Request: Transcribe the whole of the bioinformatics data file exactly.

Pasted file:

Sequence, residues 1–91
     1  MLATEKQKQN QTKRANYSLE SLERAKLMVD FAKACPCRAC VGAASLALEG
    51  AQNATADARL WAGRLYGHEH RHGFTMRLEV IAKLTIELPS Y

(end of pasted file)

Sequence, residues 1–91
     1  MLATEKQKQN QTKRANYSLE SLERAKLMVD FAKACPCRAC VGAASLALEG
    51  AQNATADARL WAGRLYGHEH RHGFTMRLEV IAKLTIELPS Y